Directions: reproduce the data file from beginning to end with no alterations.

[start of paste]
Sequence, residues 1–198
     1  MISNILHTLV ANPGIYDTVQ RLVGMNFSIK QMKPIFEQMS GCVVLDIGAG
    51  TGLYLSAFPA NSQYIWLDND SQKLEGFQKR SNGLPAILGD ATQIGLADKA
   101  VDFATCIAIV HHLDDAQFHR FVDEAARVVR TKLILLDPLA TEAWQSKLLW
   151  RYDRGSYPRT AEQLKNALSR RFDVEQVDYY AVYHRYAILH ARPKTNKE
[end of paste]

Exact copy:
Sequence, residues 1–198
     1  MISNILHTLV ANPGIYDTVQ RLVGMNFSIK QMKPIFEQMS GCVVLDIGAG
    51  TGLYLSAFPA NSQYIWLDND SQKLEGFQKR SNGLPAILGD ATQIGLADKA
   101  VDFATCIAIV HHLDDAQFHR FVDEAARVVR TKLILLDPLA TEAWQSKLLW
   151  RYDRGSYPRT AEQLKNALSR RFDVEQVDYY AVYHRYAILH ARPKTNKE